Officials with Pollack Shores Real Estate Group, a multifamily developer and investment firm, announced today they’ve closed on land that’s set to become 319 Class A apartments along the Beltline’s future Southside Trail, a corridor the city purchased earlier this year.

Developers expect to break ground next month and starting delivering the rentals—alongside 15,000 square feet of retail and office space—in the fall of 2019. It would mark one of the first completed projects on the forthcoming, 4.5-mile grin of Beltline trail.

The 1099 Boulevard SE site, largely vacant today, is a few blocks south of Grant Park’s main green space and directly east of The Beacon district, along the rail loop. In a press release, developers relayed that “officials” expect that Beltline stretch to be construction by 2023, linking the Eastside and Westside trails.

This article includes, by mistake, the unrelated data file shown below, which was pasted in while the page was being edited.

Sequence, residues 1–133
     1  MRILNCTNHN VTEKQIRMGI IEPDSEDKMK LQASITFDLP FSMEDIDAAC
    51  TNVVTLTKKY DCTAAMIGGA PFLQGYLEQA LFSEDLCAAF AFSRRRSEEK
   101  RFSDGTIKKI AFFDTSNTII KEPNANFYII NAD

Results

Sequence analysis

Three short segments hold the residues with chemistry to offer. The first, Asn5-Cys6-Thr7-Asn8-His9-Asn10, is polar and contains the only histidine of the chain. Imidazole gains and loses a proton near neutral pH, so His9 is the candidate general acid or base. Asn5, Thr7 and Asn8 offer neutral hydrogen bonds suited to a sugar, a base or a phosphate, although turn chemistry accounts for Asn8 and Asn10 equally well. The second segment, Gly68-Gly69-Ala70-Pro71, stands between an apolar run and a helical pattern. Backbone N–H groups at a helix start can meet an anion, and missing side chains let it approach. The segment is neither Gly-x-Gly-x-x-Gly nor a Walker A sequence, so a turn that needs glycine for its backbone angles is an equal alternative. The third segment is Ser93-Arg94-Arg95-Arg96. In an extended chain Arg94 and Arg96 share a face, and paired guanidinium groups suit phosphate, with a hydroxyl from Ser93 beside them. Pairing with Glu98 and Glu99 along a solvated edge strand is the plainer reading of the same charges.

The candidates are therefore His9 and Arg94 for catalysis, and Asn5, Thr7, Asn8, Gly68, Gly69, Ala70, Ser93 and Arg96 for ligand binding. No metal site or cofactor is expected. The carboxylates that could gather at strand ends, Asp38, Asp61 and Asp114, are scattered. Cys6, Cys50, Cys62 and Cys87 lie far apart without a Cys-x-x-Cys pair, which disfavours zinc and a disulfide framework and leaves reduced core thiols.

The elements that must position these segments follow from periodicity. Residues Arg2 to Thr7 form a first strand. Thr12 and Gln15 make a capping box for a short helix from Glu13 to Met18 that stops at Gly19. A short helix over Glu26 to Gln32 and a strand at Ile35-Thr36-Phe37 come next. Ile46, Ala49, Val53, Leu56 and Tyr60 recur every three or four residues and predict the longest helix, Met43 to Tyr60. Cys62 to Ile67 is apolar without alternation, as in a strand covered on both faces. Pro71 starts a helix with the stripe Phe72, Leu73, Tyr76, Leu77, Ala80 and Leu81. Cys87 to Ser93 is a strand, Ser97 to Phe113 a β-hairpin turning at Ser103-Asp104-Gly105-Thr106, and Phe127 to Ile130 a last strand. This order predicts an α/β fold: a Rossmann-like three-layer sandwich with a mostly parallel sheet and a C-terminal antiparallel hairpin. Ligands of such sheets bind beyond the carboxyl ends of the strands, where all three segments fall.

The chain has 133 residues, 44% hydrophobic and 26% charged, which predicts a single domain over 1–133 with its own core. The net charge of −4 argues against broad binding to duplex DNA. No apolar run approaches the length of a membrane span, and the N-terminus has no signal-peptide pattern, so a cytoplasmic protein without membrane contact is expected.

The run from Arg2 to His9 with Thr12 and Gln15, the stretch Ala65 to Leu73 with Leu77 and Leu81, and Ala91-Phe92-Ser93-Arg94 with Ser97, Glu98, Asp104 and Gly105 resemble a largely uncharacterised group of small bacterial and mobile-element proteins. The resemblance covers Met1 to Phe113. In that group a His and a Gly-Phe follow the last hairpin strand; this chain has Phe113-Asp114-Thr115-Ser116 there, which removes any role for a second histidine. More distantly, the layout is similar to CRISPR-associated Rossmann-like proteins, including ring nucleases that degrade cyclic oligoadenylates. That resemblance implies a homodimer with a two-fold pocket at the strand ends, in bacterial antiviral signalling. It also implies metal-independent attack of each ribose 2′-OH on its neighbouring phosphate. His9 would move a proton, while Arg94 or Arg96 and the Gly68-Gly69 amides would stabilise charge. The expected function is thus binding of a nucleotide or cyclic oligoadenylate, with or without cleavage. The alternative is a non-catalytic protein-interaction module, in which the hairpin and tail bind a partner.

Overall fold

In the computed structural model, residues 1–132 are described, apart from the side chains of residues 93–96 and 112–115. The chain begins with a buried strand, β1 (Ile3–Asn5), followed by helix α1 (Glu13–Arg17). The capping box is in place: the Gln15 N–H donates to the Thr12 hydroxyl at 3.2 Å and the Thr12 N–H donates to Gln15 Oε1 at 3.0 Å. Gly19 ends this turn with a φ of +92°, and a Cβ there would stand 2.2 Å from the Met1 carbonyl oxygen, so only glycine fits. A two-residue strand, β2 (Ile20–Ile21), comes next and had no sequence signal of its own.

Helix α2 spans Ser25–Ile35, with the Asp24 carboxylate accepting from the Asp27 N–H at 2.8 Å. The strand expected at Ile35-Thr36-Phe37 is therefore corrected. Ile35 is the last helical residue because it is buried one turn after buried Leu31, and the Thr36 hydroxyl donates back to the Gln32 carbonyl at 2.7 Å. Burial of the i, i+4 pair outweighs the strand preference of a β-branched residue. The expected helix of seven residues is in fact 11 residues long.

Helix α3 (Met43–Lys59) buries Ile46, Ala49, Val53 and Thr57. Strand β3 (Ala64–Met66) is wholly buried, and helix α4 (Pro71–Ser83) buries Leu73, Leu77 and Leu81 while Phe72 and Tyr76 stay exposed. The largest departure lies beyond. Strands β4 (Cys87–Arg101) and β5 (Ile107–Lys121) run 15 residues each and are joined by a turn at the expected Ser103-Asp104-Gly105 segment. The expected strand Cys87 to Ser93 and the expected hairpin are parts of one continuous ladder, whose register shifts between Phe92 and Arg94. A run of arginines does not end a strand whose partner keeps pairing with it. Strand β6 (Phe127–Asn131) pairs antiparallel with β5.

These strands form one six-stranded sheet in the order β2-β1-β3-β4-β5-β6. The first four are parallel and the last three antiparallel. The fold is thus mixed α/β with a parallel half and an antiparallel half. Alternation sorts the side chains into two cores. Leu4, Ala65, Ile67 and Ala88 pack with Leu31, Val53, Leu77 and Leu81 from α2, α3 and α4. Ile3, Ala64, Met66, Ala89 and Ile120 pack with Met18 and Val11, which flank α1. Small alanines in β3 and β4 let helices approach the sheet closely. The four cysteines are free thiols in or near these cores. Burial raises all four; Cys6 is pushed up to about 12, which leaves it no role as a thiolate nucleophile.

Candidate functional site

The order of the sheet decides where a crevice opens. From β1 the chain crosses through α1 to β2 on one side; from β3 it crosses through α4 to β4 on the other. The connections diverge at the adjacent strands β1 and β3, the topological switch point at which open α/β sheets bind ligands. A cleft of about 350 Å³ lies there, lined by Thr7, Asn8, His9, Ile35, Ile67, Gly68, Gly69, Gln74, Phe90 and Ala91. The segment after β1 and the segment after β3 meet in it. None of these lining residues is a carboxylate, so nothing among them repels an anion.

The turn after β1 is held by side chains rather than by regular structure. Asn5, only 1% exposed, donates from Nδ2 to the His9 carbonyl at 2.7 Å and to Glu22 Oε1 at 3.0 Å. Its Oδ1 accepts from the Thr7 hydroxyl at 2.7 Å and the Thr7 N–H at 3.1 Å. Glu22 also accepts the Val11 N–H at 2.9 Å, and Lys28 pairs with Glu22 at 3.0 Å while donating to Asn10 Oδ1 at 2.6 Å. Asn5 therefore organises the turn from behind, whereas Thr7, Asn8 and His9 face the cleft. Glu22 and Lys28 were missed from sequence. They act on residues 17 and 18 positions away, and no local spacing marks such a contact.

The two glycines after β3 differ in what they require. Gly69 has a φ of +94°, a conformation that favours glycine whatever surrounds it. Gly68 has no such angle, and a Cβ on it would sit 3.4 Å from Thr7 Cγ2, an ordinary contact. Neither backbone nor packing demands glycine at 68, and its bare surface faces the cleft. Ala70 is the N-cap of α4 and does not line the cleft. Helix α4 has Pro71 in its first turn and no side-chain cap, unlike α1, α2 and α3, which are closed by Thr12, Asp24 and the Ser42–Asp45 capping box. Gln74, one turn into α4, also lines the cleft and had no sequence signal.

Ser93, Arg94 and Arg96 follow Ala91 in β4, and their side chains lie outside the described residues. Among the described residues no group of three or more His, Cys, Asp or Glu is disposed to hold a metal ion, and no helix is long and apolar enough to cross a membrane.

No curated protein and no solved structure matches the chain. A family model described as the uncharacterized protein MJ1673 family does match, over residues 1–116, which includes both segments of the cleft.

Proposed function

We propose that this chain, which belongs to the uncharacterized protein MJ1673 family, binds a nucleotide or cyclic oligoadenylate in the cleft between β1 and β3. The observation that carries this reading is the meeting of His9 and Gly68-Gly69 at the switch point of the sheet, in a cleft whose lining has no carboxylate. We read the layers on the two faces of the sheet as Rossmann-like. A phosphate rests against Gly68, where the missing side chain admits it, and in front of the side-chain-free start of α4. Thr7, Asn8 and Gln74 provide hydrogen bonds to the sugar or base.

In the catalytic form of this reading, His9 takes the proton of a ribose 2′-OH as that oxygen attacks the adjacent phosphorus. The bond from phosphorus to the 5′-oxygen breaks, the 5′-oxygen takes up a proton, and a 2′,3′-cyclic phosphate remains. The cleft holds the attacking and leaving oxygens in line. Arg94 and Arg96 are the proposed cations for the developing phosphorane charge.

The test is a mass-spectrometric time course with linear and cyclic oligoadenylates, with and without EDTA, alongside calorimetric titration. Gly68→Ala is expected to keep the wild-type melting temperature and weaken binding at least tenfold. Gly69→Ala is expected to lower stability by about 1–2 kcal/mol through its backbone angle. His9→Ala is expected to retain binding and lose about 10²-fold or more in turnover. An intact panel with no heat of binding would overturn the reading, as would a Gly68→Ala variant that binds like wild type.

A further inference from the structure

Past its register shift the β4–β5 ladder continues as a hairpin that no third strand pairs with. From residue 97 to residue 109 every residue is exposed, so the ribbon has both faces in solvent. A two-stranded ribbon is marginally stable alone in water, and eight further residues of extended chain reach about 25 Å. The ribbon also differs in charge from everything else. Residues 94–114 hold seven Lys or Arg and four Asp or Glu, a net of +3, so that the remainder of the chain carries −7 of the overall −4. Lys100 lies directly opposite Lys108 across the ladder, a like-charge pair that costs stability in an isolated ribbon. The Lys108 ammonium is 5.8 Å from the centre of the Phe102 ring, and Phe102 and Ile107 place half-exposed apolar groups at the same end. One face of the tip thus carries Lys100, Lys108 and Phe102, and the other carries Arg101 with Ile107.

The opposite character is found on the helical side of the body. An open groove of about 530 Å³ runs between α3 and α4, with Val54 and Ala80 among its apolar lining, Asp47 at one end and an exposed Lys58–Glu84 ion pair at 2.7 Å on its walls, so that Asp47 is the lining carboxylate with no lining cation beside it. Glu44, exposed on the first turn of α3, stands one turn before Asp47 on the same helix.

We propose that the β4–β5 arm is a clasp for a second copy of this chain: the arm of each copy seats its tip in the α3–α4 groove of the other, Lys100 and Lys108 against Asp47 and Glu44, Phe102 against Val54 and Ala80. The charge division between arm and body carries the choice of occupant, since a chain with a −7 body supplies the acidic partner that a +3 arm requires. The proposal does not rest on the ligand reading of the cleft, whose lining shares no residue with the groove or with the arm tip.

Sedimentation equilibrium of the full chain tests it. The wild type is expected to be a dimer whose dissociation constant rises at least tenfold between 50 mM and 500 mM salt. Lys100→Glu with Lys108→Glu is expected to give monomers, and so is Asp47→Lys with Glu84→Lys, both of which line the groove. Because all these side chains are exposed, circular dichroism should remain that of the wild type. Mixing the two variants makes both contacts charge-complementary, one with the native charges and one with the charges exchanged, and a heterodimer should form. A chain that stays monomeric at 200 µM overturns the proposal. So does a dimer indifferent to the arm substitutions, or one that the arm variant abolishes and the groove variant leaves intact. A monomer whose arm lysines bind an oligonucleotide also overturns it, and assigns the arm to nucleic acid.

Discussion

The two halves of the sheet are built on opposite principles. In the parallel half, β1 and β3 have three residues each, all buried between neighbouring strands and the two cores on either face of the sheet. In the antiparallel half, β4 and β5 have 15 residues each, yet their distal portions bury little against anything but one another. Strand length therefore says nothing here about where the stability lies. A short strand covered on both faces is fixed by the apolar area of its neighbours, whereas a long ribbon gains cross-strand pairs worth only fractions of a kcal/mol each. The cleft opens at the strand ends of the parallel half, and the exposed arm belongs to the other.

Google Maps
As seen from the north, the site as it looked a year ago, at right.

In coming months, the cleared corridor is expected to open as an unpaved jogging and biking trail.

“There is significant demand for new multifamily product on the next leg of the Atlanta Beltline, which is a proven catalyst for economic growth and development,” relayed Steven Shores, Pollack Shores Real Estate Group’s president and CEO, in the release.

The site, as officials noted, offers one of the last remaining street-level Beltline crossings and the promise of being a future transit stop. Accordingly, about 50 units are being designed to offer trail-front views.